We had a jolly time talking about everything, but for the first time, there was something missing. I had thought that I genuinely enjoyed being around her, that I didn’t let the hurts effect me when we were hanging out, but I was wrong. Because now I found, that as I had finally stopped feeling like I had to guard myself with her, we were actually genuinely enjoying each other!

There was no guilt afterwards. There was no fear of what she would say, or think, or be. There was nothing but a true and honest enjoyment of the conversation of a good friend with a cup of mocha on a sunny morning.

And now, as her life is changing and new people and experiences are coming her way, she seems to be doing just fine. I talked with her just last week, and I was still struck by the absence of that bitterness, that fear, that—that nasty thing, whatever it was—keeping us from enjoying the trust of a good friend.

I am pleased that I never broke fellowship with her—never deserted her, never abandoned her, never gave up on her. I did not simply walk away and restart my list of friends somewhere else. I did have some tough talks with her. Some brutal times when I cried for a week before I said them, because I was sure that she would tell me to get lost and never bother her with such foolishness again. Or worse yet, that she would burst into tears and just deflate into herself that I would know how deeply I had hurt her.

But I underestimated two things.

One was her desire to do the right thing. She honestly wanted to do the right thing, and if you faced her with an undeniable truth, she could recognize it for what it was, and face it, and deal with it. It makes me wish that I had been mature enough to recognize and use that earlier.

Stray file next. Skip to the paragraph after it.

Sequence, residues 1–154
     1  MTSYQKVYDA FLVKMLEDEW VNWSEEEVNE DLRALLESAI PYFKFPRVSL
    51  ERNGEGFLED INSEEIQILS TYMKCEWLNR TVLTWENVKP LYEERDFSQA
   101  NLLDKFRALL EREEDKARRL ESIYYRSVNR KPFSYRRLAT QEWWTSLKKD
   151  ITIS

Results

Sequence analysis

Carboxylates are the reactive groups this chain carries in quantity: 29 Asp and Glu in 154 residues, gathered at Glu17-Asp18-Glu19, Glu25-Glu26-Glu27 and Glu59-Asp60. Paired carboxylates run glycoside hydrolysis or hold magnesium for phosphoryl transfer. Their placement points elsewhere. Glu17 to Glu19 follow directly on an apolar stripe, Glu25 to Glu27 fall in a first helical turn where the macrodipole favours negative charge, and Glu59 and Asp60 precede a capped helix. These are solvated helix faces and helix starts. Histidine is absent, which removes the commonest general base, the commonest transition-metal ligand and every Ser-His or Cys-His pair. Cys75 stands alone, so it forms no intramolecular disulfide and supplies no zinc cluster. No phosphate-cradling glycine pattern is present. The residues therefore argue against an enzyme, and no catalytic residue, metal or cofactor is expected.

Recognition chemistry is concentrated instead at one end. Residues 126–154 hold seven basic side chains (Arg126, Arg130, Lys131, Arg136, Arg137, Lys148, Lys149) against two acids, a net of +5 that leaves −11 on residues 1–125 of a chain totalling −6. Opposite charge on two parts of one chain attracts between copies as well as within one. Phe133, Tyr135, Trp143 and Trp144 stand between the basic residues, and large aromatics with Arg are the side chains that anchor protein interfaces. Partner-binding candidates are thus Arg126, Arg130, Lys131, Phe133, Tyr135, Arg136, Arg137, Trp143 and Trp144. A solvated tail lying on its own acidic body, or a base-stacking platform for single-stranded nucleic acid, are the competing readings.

The other thing I underestimated was God. He had a purpose for our friendship, for her life and mine, and how we grew up together. For some reason—I still don’t know why, completely—we had to suffer through hurt and mistrust to truly come to the place God wanted us to be. For my part, I know my dealing with her has helped prepare me in that I am not as sensitive as I might be. I love people yet know how to weigh their trustworthiness, and to be kind and a friend without putting my faith in a person who will only misuse and abuse it. I have learned, above all, that people are not static, marble-carved, unchanging caricatures, but real, living, breathing, changing individuals who can usually be spoken to reasonably and who will often respond reasonably. Also, though, there is a time to wait, and allow for maturing to happen, and there is a time to speak and be bold.

The trick is to recognize which time is which.

I will finish by drawing a parallel. This reminds me so much of some of those Old Testament stories--Joseph, who spoke to his traitorous brothers saying, "What you intended for evil, God intended for good;" or Esau who welcomed back Jacob with open arms in spite of their bad history; Hosea who repeatedly forgave his wife and brought her back home. (Although none of these is a perfect parallel, of course.) In the New Testament too, where we see Jesus tell the story of the prodigal son, or the sheep that went astray, or the lost coin. All of these point to one thing--the grace that God shows us every day.

No matter how horrid we are to Him, He never leaves us or forsakes us. Though we are faithless, He is faithful. In my little life, in my little way, He gave me a microcosm to remember that. Forgive someone not 7 times, not 70 times, but 70 x 7 times, because God continues to forgive us. And like the master who forgave his servant a great debt, we must pass that along lest we, like the servant, hold a smaller debt against another servant and when the Master hears about it, ooh, busted!

As my mom always says (it's in the Bible too), 'Be kind to one another, tenderhearted, forgiving each other, just as God in Christ has forgiven you."

The wounds of a friend are more faithful than the kisses of an enemy.

How ironic.